It’s great to make plans, to put together to-do lists, and to visualize all of your big goals and dreams… This is an important first step towards accomplishing them.
But planning alone isn’t going to get anything done.
Planning is a framework that helps you understand what needs to get done in order to accomplish your goals, but perseverance is what gets you across the finish line.
When starting something new, it’s easy to grind and optimistically push forward. Planning gives us a sense of accomplishment, but it only takes a few minutes to make a list of everything you need to do. It takes much longer to actually complete these things.
What makes this even trickier is that after making plans, or talking and thinking about what you’re going to do, our brains sometimes confuse that with actually getting those things done, and reward us mentally even thought we haven’t accomplished those goals. This creates an extra obstacle to get past, but you can do it.
It’s easy to start things. It’s easy to make all the big plans. It’s easy to focus on the beginning and the end-goal… but it’s everything in-between that will get you there, or that will prevent you from reaching your goals.
Perseverance is the skill that turns all of this hopeful optimism and planning into concrete results.
Perseverance doesn’t mean that you get the ball rolling and cruise off of the initial high, or that you keep up the momentum when things are easy… it refers specifically to overcoming the challenges you’ll meet along the way.
And if you’re doing something that’s worth doing, you will meet challenges along the way. You need adversity in order to showcase your perseverance.
Perseverance will allow you to rise to the adversity and keep pushing, even if you aren’t seeing any results yet, even if you aren’t getting any incremental rewards, and even if you feel like giving up.
There are various schools of thought around how to push through this resistance. Here’s an excerpt from a larger piece on work ethic, with some helpful thoughts and advice about how to persevere when the going gets tough.
It’s easier to commit 100% to quitting than to smoke in moderation. Because you don’t have to make the decision anymore. Otherwise you’ll be like ‘today’s an exception, my friends are smoking,’ everything becomes an exception.
Do not make a backup plan.
Plan B only distracts you from plan A.
IT’S PLAN A OR DIE TRYING
When the ancient Greeks got to Troy the first thing they did was burn the boats. So the only way they could survive was to attack Troy, plunder the city for materials, and then build the boats they needed to go back home.
If you burn the boats you are going to win or you are going to die trying.
Will Smith puts it like this:
I am not afraid to die on a treadmill. I will not be outworked period. You might have more talent than me. You might be smarter than me. But if we get on a treadmill together, there’s two things: You’re getting off first, or I am going to die.
When I started my first business. A big reason why it succeeded was because I had no other option. I dropped out of university. I’ve been fired from two companies already. And they were internships. Like who gets fired from an internship? I realized I was unemployable. My business had to succeed. It was succeed or die trying.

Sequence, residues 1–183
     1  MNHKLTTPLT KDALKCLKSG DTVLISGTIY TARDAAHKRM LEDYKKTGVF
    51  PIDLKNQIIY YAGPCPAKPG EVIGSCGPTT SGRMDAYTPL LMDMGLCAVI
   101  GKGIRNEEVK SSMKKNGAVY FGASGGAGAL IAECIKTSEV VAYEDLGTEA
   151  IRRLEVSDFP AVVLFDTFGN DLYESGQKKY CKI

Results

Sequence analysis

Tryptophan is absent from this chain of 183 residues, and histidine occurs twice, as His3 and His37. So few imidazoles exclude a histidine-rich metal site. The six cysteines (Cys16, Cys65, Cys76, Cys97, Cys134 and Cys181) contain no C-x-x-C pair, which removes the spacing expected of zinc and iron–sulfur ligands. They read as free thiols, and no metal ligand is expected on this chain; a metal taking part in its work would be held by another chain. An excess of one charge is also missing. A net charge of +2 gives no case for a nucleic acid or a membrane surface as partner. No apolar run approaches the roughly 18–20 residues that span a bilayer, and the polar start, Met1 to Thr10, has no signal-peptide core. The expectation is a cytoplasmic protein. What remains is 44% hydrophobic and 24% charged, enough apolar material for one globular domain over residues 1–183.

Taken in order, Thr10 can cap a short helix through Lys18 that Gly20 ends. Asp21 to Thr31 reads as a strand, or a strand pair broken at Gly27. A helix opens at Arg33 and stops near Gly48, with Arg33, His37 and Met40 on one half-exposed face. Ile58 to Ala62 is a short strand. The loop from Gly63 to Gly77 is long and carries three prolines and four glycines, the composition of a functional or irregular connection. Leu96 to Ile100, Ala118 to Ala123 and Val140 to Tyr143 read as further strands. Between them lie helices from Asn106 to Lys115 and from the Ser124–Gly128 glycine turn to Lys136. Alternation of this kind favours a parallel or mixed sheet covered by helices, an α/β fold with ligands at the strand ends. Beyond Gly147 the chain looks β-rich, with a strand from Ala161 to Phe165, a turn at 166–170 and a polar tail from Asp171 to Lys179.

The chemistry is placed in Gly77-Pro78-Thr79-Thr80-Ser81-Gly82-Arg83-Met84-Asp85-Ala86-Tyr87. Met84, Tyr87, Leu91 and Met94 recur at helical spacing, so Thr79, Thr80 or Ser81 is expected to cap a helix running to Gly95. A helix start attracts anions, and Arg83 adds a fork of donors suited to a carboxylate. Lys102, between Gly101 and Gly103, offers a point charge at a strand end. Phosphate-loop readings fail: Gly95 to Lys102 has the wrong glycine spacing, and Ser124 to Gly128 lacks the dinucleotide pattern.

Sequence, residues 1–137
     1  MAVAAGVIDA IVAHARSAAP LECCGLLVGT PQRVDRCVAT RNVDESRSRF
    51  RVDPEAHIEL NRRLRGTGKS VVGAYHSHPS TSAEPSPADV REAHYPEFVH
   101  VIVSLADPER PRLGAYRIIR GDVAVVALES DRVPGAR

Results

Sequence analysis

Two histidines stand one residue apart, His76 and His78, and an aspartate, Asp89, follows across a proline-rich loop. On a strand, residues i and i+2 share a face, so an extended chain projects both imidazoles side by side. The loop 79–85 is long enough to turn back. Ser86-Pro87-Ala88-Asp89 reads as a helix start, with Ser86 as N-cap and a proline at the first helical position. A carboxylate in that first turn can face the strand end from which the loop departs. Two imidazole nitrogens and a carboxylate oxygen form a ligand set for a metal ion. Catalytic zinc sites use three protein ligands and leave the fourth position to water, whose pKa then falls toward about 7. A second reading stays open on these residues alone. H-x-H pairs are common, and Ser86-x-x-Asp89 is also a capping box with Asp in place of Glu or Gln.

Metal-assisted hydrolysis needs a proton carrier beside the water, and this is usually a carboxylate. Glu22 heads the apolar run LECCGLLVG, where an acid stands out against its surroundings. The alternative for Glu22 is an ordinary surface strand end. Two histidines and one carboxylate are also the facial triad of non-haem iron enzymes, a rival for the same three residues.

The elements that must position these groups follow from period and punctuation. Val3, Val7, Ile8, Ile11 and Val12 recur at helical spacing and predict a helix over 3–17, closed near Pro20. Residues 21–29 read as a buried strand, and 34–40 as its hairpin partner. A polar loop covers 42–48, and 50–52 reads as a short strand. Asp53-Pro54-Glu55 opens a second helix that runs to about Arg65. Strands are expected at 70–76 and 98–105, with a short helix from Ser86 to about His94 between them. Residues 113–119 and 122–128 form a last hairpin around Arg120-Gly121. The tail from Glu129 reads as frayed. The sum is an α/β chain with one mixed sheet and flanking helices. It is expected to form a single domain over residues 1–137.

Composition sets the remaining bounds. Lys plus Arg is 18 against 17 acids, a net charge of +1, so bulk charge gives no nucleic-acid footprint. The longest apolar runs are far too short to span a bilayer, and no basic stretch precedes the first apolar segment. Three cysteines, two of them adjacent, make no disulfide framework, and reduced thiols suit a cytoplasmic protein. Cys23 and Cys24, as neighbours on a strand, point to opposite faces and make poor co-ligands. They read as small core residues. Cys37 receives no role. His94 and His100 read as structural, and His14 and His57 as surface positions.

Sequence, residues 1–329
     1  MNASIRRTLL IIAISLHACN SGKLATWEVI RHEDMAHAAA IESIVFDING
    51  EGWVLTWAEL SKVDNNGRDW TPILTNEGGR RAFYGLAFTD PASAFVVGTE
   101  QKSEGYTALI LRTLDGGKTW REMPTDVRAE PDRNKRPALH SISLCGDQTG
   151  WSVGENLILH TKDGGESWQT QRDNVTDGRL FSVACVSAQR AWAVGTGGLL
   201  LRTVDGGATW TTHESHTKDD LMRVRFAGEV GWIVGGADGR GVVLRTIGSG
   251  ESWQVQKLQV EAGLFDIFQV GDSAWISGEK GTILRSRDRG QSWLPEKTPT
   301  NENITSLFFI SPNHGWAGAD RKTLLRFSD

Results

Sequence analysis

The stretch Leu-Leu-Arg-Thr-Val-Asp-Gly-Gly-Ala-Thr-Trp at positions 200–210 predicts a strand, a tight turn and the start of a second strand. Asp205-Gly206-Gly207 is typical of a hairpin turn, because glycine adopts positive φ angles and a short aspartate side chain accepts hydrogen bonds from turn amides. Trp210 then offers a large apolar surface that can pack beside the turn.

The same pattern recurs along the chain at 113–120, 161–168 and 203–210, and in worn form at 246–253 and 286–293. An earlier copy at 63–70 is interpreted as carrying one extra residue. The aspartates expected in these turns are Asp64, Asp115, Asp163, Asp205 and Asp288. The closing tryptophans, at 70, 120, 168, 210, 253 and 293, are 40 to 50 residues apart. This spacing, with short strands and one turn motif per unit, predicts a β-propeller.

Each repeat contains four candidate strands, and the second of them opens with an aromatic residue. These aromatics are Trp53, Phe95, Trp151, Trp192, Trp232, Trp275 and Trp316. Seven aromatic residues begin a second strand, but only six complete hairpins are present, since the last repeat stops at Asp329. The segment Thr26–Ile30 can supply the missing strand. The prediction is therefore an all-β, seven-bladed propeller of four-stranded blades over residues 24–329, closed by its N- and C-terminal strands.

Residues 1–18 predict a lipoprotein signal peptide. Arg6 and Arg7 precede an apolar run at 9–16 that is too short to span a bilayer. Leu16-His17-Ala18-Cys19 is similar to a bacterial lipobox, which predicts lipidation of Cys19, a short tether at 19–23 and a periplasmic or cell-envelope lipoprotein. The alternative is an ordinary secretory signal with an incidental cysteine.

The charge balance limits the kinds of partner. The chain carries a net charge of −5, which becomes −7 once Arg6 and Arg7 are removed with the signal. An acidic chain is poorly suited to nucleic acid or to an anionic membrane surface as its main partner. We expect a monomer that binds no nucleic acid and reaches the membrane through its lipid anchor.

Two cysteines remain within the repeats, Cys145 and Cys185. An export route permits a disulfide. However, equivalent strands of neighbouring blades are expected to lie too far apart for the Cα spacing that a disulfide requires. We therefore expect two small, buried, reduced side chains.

One year into my business and things were not going well, we weren’t making money, and the investors wanted their money back. I thought about quitting, but I couldn’t, I was unemployable. So I kept going. I moved in with my parents and lived on $200 a week. I worked my ass off, tried lots of different things, and after 8 months the business started taking off. I succeeded because giving up was not an option.
THE SUCCESS CURVE
Being successful at anything looks a little like this:
First there’s excitement as you start something new, you’re learning quickly, everything’s fun. Then the novelty wears off. Your progress stops. There’s no more easy gains. There’s big challenges to overcome. You’ve reached the plateau of sorrow. You might not make progress for months. But if you keep experimenting and trying new tactics, eventually you work it out, and you make massive progress in a short amount of time. Progress is not linear – it comes in spurts.
Never quit something with great long-term potential just because you can’t deal with the stress of the moment.
The key to getting through the plateau of sorrow is to:
LOVE THE PROCESS
It’s not about achieving a result. The reward is the work itself.
It’s the same in life. We will all die someday. So what does it matter what we accomplish? Or how much money we make? All that matters is: did we have fun along the way? Did we make some good memories?
People think success in life is measured by results. Take Muhammad Ali. Sure, it’s glorious when he wins a fight. Ali lifts the trophy, and the crowd roars. He is crowned “the greatest.” But what few people realize is:
The fight is won or lost far away from witnesses – behind the lines, in the gym, and out there on the road, long before I dance under those lights
The fight is won by long nights pounding punching bags. Nobody is around except for Ali. Left hook. Right hook. Practicing his punches over and over again. This is what success sounds like. Pound. Pound. Pound. Making 0.001% improves each time. The slight smile on Ali’s face every time he makes a small improvement. This is what success looks like.
Success is a humble set of tasks repeated every day. Making the choice to eat good food. Doing 20 minutes of quiet meditation a day. Working consistently for 2 hours each morning on your most important task. Doing it over and over again.
The essence of boredom comes in the obsessive search for novelty, satisfaction lies in mindful repetition, the discovery of endless richness in subtle variations on familiar themes
–Mastery by George Leonard.